If our internal customers could fire us, would they?
This was the courageous question on the minds of the CX division of a local cell giant in their quest to establish relevance and connection with their internal customers.
To make progress with this quest, Game On leveraged the groundbreaking work of Prof Clayton Christensen of Harvard and pioneered a leadership development program focused on Jobs to be Done.
To kick things off, Game On introduced a structured Jobs Canvas to guide their requirement conversations with their internal customers to explore the following: What progress do you want to make? What struggles are you experiencing that are frustrating progress? What is the job that we can do to help you overcome your struggles and make the progress you desire?
The Jobs Canvas interviews saw several somewhat surprised internal customers answering questions probing their deepest needs and desires. Unaccustomed to this level of interest, some internal customers responded with initial caution, answering the questions as factually as possible. Other internal customers reveled in the experience, sharing their deepest dreams and fiercest struggles with courageous vulnerability.
Ten leaders produced ten jobs canvases for discussion with their Game On coach. Ten leaders admitted to being somewhat unsettled by the intimacy of the process, and somewhat surprised by the wealth of information they had uncovered. They never knew there was so much stuff going on for their customer. They didn’t anticipate how important or significant the jobs they were doing were to their customers. They wondered how this depth of insight would have changed the way they did jobs in the past for their customers. They were unsettled but hooked.
With this new lens to look through, it started becoming apparent to each leader that they’re hired to do tasks for internal customers all the time. Produce a report for this division. Do a thing for that guy. Run a project that produces a something that someone else needs. While they’re hired to perform tasks, a lot of the time they didn’t necessarily even understand the progress their customer was trying to make by hiring them. So, they spent most of their time ticking tasks off lists and feeling pretty good about it, but now realized they’d lost touch with why they were doing what they were doing. They realized that they were losing out on the opportunity to innovate better ways to make the progress their customers really wanted, something they deeply wanted to do. At an experience level their customers felt like they were being made to work too hard and the leaders felt like they were just a pawn in someone else’s game.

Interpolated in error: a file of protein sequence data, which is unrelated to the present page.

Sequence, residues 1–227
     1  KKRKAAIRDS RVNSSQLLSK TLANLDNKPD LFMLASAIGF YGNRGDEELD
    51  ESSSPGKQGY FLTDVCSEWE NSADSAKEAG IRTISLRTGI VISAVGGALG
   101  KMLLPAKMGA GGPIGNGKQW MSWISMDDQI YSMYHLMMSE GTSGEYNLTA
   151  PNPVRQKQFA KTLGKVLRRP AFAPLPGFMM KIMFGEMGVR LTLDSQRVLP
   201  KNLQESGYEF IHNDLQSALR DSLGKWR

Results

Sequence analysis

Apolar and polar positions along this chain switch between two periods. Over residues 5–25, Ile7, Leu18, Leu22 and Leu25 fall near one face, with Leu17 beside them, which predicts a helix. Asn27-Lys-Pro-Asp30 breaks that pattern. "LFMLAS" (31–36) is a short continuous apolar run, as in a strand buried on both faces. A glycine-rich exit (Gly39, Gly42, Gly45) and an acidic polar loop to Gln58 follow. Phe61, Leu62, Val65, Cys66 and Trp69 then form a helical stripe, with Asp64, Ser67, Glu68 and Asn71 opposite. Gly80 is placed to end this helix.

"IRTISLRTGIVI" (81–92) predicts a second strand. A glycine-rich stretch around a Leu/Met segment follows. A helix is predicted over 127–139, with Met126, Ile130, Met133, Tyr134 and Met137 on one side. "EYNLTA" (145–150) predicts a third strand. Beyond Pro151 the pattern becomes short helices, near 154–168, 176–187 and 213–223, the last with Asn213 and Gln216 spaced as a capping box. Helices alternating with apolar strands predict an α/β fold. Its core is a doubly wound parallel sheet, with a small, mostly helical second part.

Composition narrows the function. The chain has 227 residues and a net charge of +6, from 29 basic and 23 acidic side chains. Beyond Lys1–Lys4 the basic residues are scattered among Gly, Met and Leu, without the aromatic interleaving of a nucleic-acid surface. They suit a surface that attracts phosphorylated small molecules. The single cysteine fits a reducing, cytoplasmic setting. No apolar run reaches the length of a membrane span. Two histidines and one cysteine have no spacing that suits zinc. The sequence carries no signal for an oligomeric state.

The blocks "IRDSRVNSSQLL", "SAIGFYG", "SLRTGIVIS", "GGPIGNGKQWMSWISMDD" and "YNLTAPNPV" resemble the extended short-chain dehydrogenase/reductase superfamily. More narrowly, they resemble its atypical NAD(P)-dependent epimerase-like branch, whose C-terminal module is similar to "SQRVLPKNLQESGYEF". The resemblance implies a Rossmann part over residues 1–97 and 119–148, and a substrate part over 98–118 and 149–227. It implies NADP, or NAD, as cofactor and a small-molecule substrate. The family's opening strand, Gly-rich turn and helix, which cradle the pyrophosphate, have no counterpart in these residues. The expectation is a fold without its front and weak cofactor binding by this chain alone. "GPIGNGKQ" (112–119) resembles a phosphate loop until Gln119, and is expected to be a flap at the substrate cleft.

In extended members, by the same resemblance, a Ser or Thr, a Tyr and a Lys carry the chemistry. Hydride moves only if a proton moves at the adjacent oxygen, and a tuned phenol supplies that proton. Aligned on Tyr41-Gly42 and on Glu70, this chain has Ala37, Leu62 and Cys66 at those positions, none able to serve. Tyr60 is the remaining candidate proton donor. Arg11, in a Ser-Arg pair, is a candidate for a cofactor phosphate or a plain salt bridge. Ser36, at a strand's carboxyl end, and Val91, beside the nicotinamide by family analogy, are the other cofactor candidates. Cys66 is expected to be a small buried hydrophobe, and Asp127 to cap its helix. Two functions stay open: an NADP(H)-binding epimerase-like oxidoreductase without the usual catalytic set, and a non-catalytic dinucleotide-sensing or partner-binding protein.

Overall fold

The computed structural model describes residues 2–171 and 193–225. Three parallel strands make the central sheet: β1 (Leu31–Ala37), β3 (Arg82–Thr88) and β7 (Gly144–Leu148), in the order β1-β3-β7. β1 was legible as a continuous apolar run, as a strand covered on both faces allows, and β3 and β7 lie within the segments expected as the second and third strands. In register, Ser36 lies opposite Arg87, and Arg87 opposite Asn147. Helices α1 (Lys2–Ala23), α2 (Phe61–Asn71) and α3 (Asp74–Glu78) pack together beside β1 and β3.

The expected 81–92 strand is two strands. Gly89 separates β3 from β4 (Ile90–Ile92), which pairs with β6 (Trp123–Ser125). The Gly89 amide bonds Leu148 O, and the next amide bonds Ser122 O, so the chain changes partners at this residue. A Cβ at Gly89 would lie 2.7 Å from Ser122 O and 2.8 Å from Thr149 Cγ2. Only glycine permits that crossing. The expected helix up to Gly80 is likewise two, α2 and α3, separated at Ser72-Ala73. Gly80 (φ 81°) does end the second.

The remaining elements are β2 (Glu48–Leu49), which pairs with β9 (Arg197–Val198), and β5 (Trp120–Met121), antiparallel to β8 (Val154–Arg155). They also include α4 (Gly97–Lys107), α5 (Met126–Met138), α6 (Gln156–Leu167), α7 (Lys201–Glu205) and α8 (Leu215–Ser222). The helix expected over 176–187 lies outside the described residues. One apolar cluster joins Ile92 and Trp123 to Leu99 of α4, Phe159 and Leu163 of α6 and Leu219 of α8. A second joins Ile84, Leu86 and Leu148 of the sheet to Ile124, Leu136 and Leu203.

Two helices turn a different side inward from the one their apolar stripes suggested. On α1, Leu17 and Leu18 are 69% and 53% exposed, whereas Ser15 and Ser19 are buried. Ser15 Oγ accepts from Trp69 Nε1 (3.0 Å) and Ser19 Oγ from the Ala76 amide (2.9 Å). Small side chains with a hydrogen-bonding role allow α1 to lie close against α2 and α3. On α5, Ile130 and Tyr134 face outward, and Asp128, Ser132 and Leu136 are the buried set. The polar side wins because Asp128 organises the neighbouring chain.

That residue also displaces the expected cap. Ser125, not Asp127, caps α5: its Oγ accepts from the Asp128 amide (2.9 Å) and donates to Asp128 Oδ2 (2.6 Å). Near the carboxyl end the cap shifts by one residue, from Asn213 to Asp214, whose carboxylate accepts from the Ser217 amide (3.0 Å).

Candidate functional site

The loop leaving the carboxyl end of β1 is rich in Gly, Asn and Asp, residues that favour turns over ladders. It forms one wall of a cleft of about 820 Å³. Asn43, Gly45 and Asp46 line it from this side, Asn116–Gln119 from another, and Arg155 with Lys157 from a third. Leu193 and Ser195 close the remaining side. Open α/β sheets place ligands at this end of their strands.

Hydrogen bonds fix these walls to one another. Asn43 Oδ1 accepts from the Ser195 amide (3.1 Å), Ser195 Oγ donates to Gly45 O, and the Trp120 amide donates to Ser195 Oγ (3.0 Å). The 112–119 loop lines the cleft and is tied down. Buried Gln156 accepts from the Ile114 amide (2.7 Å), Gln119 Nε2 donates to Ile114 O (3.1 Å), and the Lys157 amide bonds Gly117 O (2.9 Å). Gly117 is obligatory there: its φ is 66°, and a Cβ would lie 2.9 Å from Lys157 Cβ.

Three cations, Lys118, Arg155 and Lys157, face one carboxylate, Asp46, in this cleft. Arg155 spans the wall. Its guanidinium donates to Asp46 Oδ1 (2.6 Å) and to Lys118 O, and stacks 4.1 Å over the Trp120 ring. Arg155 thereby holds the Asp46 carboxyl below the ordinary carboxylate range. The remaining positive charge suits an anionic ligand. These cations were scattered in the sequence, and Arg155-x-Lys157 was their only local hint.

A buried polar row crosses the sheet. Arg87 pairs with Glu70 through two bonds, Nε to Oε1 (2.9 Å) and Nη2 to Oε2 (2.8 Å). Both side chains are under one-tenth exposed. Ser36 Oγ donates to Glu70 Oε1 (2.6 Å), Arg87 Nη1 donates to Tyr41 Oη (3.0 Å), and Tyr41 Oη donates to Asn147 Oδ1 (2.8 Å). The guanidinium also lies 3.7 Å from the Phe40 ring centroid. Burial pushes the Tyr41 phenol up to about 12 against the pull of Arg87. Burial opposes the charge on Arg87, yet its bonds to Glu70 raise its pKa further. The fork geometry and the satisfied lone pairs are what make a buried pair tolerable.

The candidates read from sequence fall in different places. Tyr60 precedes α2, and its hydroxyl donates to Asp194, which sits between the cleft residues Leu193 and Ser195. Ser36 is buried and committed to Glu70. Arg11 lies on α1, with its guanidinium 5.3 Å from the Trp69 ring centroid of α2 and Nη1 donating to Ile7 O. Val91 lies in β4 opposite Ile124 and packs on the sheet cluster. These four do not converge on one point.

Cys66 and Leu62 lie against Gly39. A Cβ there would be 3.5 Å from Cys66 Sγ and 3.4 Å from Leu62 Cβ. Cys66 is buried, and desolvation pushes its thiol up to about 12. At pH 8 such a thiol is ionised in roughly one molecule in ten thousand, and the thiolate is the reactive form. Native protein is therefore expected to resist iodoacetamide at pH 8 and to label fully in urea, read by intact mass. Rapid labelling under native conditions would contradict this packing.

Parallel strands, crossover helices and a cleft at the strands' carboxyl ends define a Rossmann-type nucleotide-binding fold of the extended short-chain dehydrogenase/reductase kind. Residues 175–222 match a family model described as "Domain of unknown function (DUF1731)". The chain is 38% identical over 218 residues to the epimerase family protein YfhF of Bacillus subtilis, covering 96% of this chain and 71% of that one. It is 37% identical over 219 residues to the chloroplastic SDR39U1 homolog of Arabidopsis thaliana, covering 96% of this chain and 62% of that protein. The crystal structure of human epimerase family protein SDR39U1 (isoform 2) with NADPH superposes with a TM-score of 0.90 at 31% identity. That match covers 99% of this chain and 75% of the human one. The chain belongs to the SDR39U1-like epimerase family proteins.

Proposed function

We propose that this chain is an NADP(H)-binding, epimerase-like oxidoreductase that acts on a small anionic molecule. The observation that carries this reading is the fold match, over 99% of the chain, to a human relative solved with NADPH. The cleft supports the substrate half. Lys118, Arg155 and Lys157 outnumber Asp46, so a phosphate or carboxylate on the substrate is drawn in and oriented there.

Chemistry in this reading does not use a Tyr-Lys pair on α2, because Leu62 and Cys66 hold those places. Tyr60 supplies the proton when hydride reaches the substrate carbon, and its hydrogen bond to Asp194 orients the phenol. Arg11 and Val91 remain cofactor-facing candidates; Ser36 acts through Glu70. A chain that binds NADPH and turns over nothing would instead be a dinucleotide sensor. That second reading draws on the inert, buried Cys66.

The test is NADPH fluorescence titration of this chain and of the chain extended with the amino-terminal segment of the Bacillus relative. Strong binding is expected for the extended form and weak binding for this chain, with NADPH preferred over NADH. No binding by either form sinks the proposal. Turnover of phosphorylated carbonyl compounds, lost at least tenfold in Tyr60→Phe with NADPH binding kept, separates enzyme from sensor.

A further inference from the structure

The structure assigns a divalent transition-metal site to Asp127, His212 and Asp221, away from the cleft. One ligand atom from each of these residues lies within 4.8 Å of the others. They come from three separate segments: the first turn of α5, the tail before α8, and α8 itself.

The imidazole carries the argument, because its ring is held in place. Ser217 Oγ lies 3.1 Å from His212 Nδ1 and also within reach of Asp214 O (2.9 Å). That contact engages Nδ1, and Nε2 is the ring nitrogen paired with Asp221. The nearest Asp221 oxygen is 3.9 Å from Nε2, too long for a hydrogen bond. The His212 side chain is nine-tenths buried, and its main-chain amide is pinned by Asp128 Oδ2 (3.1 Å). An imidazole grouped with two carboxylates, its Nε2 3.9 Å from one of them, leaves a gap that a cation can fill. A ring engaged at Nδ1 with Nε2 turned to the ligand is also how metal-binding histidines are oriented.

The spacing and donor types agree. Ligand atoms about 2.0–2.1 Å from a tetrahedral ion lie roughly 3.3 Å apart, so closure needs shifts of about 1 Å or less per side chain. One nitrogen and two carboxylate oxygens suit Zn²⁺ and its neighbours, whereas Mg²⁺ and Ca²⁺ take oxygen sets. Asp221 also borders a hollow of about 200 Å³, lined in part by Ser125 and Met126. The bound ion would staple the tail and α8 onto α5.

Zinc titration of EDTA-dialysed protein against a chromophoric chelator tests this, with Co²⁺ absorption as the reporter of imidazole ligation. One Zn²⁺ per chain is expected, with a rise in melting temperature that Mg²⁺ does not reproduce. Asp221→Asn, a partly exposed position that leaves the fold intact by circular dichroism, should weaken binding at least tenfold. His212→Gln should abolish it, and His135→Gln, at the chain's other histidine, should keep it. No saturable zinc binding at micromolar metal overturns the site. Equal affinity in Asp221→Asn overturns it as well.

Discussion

Through the program, they found how much more value they could create if, instead of being task takers, they engaged their customers around the progress they were trying to make and the problems that needed to be solved to make progress. Tasks are now the conclusion of the conversation not the starting point.
If we all did this with our internal customers, would we be easier and more pleasant to deal with? Would we produce more creative outcomes? Would our internal customers feel that we create more value for them? Would our organisations be creating more value for our external customers?
Make sure your internal customers get your A game. A Jobs to be Done exercise and Jobs Canvas is a great way to get the conversation and the relationship focused on creating value.